Brown also contends that upon redirect examination of one of the surveilling DALE officers, the Government was permitted to elicit testimony which tended to implicate Brown in prior sales of narcotics. It is his contention that such testimony was irrelevant and constitutes reversible error. However, the substance of the testimony which is the subject of this argument does not contain any allegations of prior narcotics sales by Brown. Rather the inquiries centered upon the witness' knowledge of the traffic in a general area and general habits of narcotics dealers.
The questioning by the Government was in direct response to the inquiries of Brown's counsel upon cross-examination. During that cross-examination, Brown's counsel asked the DALE officer pointed and limited questions concerning his knowledge of that general area and his knowledge of the general habits of narcotics dealers in leaving drugs outside their control. The obvious intent of that line of questioning was to impair the credibility of the DALE officer's testimony by suggesting that his recital of the factual circumstances on the day of the crime was incorrect. The questions asked by the Government on redirect examination simply dealt further with the witness' knowledge of the area and the habits of narcotics dealers. This was clearly within the permissible scope of redirect examination.
Brown asserts that he was unduly restricted in his cross-examination of the informant regarding the informant's previous attempts to purchase heroin. It is his contention that, had he been permitted to elicit that testimony, he could better have impugned the credibility of the Government witness.
A trial court is vested with a broad discretion in controlling the scope of cross-examination. Only when there is a clear abuse of that discretion and an adequate showing of prejudice will its rulings be overturned. United States v. Cole, 449 F.2d 194, 199 (8th Cir. 1971), cert. denied, 405 U.S. 931, 92 S.Ct. 987, 30 L.Ed.2d 806 (1972).
In the instant case, it is doubtful whether the line of questioning sought to be undertaken would have impeached the credibility of the witness. Yet, even conceding the relevance of the proposed inquiries to the witness' credibility, the failure to permit them during cross-examination did not produce any prejudice. First, Brown had already elicited responses to most of the questions. Secondly, he was otherwise allowed to test the credibility of the witness at length. In addition, even if the credibility of the witness was impugned, the Government's case in chief did not rest upon the credibility of this witness alone. The record contains substantial corroboration from four other witnesses as to all material aspects of the crime.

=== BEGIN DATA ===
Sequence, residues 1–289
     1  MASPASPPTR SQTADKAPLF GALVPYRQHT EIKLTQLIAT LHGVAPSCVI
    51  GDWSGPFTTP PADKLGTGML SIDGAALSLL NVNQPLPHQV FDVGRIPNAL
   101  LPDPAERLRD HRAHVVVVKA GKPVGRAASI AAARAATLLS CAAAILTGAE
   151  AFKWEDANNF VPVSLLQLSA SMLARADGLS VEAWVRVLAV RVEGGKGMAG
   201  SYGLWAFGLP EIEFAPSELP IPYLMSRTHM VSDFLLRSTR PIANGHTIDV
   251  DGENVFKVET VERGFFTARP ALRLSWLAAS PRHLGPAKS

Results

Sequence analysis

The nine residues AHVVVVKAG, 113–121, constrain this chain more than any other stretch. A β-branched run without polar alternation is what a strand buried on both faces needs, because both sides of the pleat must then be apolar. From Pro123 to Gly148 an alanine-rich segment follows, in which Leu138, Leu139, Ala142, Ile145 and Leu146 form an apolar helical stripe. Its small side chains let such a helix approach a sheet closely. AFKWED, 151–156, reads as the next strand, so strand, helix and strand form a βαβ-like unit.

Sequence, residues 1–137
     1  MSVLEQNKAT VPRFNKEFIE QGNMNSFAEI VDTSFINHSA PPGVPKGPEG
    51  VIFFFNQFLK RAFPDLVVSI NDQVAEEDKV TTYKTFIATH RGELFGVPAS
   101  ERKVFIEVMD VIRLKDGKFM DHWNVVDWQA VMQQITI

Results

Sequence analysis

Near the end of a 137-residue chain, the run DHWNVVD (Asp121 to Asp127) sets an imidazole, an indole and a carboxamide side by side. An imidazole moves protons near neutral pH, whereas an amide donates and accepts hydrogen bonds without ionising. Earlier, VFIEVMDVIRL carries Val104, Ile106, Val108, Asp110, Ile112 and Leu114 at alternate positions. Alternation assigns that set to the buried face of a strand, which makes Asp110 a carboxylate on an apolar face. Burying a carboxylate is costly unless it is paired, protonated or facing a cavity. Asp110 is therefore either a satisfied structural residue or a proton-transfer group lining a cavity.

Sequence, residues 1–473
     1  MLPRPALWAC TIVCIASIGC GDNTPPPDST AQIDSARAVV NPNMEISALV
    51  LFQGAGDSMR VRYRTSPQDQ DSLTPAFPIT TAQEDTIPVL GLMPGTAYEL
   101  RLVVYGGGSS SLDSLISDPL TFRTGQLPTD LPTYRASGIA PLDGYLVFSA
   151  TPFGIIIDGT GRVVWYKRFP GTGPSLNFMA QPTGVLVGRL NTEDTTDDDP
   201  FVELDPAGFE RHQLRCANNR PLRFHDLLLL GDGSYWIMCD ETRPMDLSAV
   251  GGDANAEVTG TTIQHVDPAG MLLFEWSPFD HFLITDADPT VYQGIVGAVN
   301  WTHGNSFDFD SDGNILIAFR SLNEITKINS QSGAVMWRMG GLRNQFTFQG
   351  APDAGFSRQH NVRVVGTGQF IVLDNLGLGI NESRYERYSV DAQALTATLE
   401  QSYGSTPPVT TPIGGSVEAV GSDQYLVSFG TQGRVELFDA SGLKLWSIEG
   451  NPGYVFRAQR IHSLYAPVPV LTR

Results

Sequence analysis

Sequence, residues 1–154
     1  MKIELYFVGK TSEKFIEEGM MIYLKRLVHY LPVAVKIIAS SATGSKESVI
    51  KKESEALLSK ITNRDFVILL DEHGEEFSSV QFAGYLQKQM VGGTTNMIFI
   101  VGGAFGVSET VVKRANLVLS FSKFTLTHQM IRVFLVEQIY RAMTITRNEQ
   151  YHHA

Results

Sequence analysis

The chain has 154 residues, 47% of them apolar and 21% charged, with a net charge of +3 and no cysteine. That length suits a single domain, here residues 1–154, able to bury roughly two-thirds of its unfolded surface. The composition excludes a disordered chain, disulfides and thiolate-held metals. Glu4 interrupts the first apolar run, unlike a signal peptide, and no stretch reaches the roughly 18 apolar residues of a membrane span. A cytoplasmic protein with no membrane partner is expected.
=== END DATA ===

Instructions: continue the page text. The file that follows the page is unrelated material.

In light of the facts previously enunciated, the trial court's refusal to permit cross-examination on the subject of previous purchases by the informant does not constitute an abuse of discretion.
Finally, Brown charges that the trial court erred in its instructions to the jury since it failed to require a finding that the defendant knew the substance was, in fact, heroin and because it failed to bring to the attention of the jury the proviso in the definition of the crime which makes legal distribution of heroin a defense to the crime.
The instructions to the jury given by the trial judge recited the requisites for a conviction under 21 U.S.C. Sec. 841(a)(1) as defined by statute, including the requirement that the distribution be done "knowingly and intentionally."1 The import to the jury was clear that the Government had to prove that Brown sold the heroin knowing what it was. The failure of the trial court to define "knowingly" was at most nonprejudicial error.
The instruction excluded any reference to the provision that exempts from the terms of the statute the legal distribution of heroin. McKelvey v. United States, 260 U.S. 353, 357, 43 S.Ct. 132, 134, 67 L.Ed. 301 (1922) clearly indicates that such an instruction is proper. Therein the Court said:
". . . By repeated decisions it has come to be a settled rule in this jurisdiction that an indictment or other pleading founded on a general provision defining the elements of an offense . . . need not negative the matter of an exception made by a proviso or other distinct clause . . . and that it is incumbent upon one who relies on such an exception to set it up and establish it."
See also United States v. Young, 422 F. 2d 302, 306 (8th Cir.), cert. denied, 398 U.S. 914, 90 S.Ct. 1718, 26 L.Ed.2d 78 (1970).
Moreover, under 21 U.S.C. Sec. 885(a)(1), ". . . the burden of going forward with the evidence with respect to any such exemption or exception shall be upon the person claiming its benefit." Brown did not offer any evidence whatsoever. Thus, it was proper for the trial judge to exclude its terms from the definition of the crime charged.
The judgment of conviction is affirmed.